New evidence of long-term volcanic, seismic risks in northern Europe

An ancient European volcanic region may pose both a greater long-term volcanic risk and seismic risk to northwestern Europe than scientists had realized, geophysicists report in a study in the Geophysical Journal International.

The scientists are not predicting that a volcanic eruption or earthquake is imminent in the densely populated area, which is centered in the Eifel region of Germany, and covers parts of Belgium, the Netherlands, France and Luxembourg. But the study revealed activity that is uncommon for the region.

“Our findings suggest this region is an active volcanic system, and much more seismically active than many of the faults in Europe between the Eifel volcanic region and the Alps,” said Paul Davis, a UCLA research professor of geophysics and a senior author of the study.

Davis and his co-authors report subtle, unusual movements in the surface of the Earth, from which they conclude the Eifel volcanic region remains seismically active. The region has a long history of volcanic activity, but it has been dormant for a long time; scientists think the last volcanic eruption there was some 11,000 years ago.

The geophysicists report that the land surface in that region is lifting up and stretching apart, both of which are unusual in Europe. Although the uplift is only a fraction of an inch per year, it is significant in geological terms, Davis said.

The geophysicists analyzed global positioning system data from across Western Europe that showed subtle movements in the Earth’s surface. That enabled them to map out how the ground is moving vertically and horizontally as the Earth’s crust is pushed, stretched and sheared.

The dome-like uplift they observed suggests those movements are generated by a rising subsurface mantle plume, which occurs when extremely hot rock in the Earth’s mantle becomes buoyant and rises up, sending extremely hot material to the Earth’s surface, causing the deformation and volcanic activity. The mantle is the geological layer of rock between the Earth’s crust and its outer core.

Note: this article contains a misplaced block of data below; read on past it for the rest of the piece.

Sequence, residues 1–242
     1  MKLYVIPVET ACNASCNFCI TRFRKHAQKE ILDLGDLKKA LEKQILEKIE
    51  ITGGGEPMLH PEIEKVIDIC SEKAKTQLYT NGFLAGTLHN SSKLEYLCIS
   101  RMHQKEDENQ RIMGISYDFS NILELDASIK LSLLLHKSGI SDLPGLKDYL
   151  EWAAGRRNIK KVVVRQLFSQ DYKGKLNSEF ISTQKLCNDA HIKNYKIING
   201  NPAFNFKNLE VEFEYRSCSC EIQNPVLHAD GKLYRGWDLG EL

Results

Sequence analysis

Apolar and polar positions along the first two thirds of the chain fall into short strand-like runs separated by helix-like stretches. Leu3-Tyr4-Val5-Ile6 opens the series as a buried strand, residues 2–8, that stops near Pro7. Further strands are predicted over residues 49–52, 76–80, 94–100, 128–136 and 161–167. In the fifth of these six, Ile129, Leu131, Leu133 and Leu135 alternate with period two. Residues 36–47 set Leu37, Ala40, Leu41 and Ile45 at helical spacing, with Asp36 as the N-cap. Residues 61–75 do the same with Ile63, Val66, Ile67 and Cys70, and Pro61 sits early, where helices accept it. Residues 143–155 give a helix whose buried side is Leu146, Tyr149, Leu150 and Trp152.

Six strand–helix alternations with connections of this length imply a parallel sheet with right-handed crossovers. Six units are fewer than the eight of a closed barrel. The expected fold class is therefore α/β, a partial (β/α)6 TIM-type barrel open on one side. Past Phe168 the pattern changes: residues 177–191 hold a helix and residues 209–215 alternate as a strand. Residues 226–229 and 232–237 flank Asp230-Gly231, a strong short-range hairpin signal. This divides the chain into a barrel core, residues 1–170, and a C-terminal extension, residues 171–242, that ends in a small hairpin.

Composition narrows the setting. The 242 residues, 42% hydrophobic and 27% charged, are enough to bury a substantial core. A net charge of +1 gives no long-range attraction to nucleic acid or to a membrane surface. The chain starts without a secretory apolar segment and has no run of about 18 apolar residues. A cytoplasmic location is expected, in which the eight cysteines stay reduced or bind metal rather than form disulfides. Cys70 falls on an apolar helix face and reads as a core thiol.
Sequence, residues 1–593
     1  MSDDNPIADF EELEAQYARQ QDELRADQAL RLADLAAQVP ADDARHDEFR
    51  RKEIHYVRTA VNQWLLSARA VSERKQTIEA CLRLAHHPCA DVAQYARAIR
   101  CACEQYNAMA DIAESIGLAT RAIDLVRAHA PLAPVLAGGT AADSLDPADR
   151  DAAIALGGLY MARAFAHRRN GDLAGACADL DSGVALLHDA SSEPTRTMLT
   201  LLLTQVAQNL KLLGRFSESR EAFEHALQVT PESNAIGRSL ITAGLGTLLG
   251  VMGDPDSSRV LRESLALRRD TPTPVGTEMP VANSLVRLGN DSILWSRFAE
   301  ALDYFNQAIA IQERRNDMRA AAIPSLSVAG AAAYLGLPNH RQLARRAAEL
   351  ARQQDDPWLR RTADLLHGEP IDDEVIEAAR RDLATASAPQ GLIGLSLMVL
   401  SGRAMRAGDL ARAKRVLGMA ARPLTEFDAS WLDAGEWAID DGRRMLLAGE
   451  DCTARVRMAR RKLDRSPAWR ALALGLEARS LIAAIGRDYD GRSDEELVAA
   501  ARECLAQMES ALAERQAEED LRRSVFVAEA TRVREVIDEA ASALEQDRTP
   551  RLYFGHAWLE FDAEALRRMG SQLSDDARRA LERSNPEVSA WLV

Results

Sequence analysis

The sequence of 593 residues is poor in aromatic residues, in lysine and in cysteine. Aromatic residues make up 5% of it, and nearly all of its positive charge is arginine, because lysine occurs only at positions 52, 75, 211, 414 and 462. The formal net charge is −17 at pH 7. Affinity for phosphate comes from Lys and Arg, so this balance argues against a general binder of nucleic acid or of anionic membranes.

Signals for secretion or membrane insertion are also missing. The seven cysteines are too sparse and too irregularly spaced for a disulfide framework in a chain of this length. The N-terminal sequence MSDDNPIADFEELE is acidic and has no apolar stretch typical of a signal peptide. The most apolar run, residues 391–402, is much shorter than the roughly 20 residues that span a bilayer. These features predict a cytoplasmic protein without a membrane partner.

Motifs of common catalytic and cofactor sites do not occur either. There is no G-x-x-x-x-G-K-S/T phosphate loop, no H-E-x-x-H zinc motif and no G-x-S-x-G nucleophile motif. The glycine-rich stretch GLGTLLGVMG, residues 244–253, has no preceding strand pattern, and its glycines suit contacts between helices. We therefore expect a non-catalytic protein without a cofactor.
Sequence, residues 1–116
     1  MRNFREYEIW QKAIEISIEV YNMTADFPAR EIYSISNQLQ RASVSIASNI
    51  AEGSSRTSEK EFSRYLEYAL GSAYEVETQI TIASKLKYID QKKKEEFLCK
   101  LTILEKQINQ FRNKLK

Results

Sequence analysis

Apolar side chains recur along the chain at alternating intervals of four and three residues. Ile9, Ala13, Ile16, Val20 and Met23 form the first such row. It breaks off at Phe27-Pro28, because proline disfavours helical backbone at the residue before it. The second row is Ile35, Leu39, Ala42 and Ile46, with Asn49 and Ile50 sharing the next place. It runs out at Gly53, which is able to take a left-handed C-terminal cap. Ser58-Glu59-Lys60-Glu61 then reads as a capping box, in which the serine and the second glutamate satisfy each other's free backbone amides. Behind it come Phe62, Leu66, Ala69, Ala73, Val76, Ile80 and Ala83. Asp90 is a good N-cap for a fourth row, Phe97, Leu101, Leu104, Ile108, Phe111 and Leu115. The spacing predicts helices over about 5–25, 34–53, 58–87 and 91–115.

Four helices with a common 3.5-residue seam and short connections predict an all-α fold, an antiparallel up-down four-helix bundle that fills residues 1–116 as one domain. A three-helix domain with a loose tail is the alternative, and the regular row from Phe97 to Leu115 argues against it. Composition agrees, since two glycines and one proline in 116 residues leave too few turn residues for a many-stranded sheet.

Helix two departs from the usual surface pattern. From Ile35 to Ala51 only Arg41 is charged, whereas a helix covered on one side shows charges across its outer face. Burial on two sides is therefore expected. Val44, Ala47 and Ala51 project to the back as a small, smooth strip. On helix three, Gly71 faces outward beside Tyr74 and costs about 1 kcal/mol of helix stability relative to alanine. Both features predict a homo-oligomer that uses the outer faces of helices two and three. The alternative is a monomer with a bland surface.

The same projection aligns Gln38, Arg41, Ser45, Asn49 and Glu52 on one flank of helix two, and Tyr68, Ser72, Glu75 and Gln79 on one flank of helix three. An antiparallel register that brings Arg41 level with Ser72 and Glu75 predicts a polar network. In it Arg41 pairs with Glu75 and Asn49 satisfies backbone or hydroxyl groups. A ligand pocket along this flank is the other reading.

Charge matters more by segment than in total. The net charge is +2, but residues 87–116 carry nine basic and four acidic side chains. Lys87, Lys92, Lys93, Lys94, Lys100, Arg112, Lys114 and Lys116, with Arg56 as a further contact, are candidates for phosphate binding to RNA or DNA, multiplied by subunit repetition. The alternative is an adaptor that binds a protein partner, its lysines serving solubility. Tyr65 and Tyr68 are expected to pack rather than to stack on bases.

Corné Kreemer, the study’s lead author, is a research professor at the University of Nevada, Reno’s Nevada Bureau of Mines and Geology. He said many scientists had assumed that volcanic activity in the Eifel was a thing of the past, but the study indicates that no longer seems to be the case.

“It seems clear that something is brewing underneath the heart of northwest Europe,” he said.

The Eifel volcanic region houses many ancient volcanic features, including circular lakes known as maars — which are remnants of violent volcanic eruptions, such as the one that created Laacher See, the largest lake in the area. The explosion that created Laacher See is believed to have occurred approximately 13,000 years ago, with an explosive power similar to that of the spectacular 1991 Mount Pinatubo eruption in the Philippines.

The researchers plan to continue monitoring the area using a variety of geophysical and geochemical techniques to better understand potential risks.

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